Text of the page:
Skull fractures (summary)

Dr Derek Smith et al.

Skull fractures usually occur following significant head injury and may herald underlying neurological pathology.

Reference article

This is a summary article; we do not have a more in-depth reference article.

  • epidemiology
    • accurate incidence and prevalence unknown
    • 1.3 traumatic brain injuries per year 1
      • estimated that 1/3 will have a skull fracture
  • presentation
  • pathophysiology
    • mechanism
      • children and elderly: simple fall
      • adults: usually high-energy impact trauma, e.g. RTC
    • different types of fractures
    • associations
      • bone fragments under the fracture
      • other penetrating injuries
      • intracranial haemorrhage
  • investigation
    • non-contrast CT head is the first line investigation
    • assessment of the need for imaging using a clinical scoring system
      • NICE guidance
      • Canadian CT head rule
  • treatment
    • head injury patients should be treated following ATLS (or similar)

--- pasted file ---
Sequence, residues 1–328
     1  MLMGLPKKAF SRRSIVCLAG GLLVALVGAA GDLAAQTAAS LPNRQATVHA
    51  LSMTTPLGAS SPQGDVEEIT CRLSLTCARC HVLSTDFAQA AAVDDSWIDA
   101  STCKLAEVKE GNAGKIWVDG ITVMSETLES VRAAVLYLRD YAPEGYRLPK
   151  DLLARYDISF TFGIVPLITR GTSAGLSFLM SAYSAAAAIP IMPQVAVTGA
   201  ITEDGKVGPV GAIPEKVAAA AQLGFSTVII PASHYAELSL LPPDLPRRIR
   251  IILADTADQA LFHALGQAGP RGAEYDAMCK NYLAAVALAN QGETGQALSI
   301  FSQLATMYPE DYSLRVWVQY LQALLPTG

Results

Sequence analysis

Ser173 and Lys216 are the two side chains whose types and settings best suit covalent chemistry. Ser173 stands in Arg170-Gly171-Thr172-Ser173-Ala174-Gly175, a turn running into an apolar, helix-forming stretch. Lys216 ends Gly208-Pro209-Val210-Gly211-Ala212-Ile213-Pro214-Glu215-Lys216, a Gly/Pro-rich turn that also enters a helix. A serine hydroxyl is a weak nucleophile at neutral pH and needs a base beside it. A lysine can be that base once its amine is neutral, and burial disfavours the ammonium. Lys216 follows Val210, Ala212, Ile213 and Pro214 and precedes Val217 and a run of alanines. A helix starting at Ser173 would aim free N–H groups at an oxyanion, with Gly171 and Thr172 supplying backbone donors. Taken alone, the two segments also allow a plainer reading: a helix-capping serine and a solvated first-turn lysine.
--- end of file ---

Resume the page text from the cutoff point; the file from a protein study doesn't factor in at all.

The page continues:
• C-spine control and ABCDE
      • assessment of GCS
    • treatment depends on the type of fracture
      • linear: no specific treatment
      • depressed: may require neurosurgical intervention to prevent further brain injury
      • base of skull fracture: may be unstable and require expert care; they carry a high risk of morbidity 2
  • assessment for intracranial injury, e.g. haemorrhage
  • diagnosis of fracture
  • assessment of fracture to guide risk stratification and management
CT

This is the best method for looking for bony injury and any underlying extra-axial haemorrhage or parenchymal insult.

Examining with the bone and soft tissue windows is important, with other signs including pneumocephalus or bleeding into paranasal sinuses.

With volume CT, 3D reconstruction allows accurate depiction of skull fractures.

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Article Information

rID: 34340
Synonyms or Alternate Spellings:
  • Basal skull fracture (summary)

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Cases and Figures

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    Case 5: fracture with bone fragments
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    Case 2: linear skull fracture (3D CT)
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    Case 3: ping-pong fracture (3D CT)
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    Case 1: skull fracture
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    Case 4: small linear fracture (CT)
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